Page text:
Miraculously I got to read the Sunday papers this week - and there was an interesting column by Eleanor Mills titled 'the truth we hide from career women.' In it, referencing the new film out this week called 'I don't know how she does it' based on the book by Alison Pearson, Mills concluded that no woman can indeed 'have it all' and that many women are down grading their careers or compromising their ambitions in order to raise a family. That women are forced to choose and in doing so negate their positions in the boardroom - leaving men to hold the powerful jobs while they fumble around not achieving their potential. Such a sorry state of affairs. We fought for equality, we fought to have a voice and when push comes to shove it is us who have to take a back seat once we sprog.
I found it remarkably comforting when Mills described women who wished that someone had spilled the beans earlier - who had guided them when making their career choices - which lets face it start at 14 when we pick our GCSEs. Pick and be damned. From there the path of A levels and then uni choice is set. Not in stone, but pretty solidified. No one told me that TV was an insane career to compliment motherhood - in fact I never even gave it a second thought. I clearly remember telling a friend's parents this in a restaurant in west hampstead in 200 when I was a kids tv presenter: 'I want my own film show - like Johnathan Ross, to be working in telly still, kids - two, and a fab life.' They said that probably wouldn't achieve all of that - they were right. Claudia Winkleman has though and she is brilliant - so there is hope I guess. But for the majority of women it is either work all hours god sends, never really see your kids, or go flexible, take a pay cut and tough it out trying to have the best of both worlds. Or simply stay at home and try not to go out of your mind - insist that you love it, after all, you gave up everything to have it - so you sure as shit better enjoy it.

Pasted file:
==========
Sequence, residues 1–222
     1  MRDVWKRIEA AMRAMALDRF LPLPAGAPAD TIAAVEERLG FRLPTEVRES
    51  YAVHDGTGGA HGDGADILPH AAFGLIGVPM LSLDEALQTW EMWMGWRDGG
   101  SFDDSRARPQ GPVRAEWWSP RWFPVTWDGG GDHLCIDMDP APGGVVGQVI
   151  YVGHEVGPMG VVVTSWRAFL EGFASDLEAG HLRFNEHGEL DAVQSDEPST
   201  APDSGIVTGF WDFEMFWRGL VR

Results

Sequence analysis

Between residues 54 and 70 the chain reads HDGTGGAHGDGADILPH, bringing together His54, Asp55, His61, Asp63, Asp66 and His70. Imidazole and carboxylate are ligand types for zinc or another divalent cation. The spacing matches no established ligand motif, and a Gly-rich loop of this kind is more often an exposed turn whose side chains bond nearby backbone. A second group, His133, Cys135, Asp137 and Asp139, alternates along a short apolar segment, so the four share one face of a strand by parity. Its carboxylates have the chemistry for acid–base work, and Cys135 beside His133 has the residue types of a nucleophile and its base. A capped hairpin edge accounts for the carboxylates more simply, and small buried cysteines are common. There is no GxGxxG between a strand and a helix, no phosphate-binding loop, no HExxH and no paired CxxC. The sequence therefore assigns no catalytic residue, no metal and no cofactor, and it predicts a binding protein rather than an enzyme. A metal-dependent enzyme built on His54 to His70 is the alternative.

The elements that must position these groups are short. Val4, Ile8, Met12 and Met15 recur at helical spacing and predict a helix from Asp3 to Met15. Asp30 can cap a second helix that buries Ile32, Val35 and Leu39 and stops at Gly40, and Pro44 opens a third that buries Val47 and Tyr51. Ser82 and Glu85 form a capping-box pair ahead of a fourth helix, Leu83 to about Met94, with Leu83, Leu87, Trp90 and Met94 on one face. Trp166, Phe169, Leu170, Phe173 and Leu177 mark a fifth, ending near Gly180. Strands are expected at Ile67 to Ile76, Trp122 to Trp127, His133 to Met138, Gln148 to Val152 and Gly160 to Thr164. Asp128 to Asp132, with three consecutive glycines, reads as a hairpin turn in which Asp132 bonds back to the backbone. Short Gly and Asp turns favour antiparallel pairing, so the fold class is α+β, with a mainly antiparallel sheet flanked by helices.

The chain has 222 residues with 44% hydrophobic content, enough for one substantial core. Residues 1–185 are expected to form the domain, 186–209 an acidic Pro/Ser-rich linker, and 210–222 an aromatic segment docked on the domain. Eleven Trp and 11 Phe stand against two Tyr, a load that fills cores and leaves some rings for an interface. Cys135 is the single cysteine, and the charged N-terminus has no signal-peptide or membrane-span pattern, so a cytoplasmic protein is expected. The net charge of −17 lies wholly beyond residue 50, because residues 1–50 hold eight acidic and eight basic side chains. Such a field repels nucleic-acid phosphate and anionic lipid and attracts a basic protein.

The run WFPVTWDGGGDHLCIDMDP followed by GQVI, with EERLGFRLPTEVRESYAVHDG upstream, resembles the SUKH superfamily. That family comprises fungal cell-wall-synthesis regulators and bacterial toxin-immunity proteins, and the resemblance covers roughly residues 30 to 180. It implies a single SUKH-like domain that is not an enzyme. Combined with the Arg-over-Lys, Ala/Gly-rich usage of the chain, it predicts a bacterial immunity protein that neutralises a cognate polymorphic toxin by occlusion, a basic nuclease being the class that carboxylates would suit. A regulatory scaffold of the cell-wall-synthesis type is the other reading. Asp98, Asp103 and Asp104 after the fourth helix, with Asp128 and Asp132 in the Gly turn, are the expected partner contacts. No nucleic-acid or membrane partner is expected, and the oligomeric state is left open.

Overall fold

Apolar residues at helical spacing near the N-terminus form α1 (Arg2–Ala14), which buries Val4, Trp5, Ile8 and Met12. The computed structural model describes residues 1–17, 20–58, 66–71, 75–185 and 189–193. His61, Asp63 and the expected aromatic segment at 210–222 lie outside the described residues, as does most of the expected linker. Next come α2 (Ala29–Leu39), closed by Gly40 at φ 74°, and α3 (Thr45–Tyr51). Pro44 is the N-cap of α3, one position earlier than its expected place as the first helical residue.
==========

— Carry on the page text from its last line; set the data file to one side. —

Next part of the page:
Why did no-one have word in my shell like? I didn't marry a rich man so I could swan around with vanity projects or mumble something about 'in development with an idea' or the like - I want to work - I really do, but I'd also like to see my kids for more than an hour every day. A friend has recently agreed to go full time, but she will leave every day before 3pm to collect her kids - so she is effectively doing 4 days spread over five. I've got 3 meetings lined up - all potential to get work which is great. But my big fear is that they will say 'yes, we are filming in Scotland for 3 months' in which case my meeting will be in vain. Still, I'm keeping positive - something will turn up. It will work out and all these mantras. I have my health, blah blah.
But, as Mills said - why do I have to compromise on my job to be a mother - isn't there a way of trying at least to keep a foot in both camps - without coming across as SJP does in the movie as a slightly scatterbrained, exhausted, balls in the air falling all the time harassed stressed mother who still wants to work? And don't get me started on the expense and difficulty of finding good childcare. We fought to make choices when in reality we are still so limited.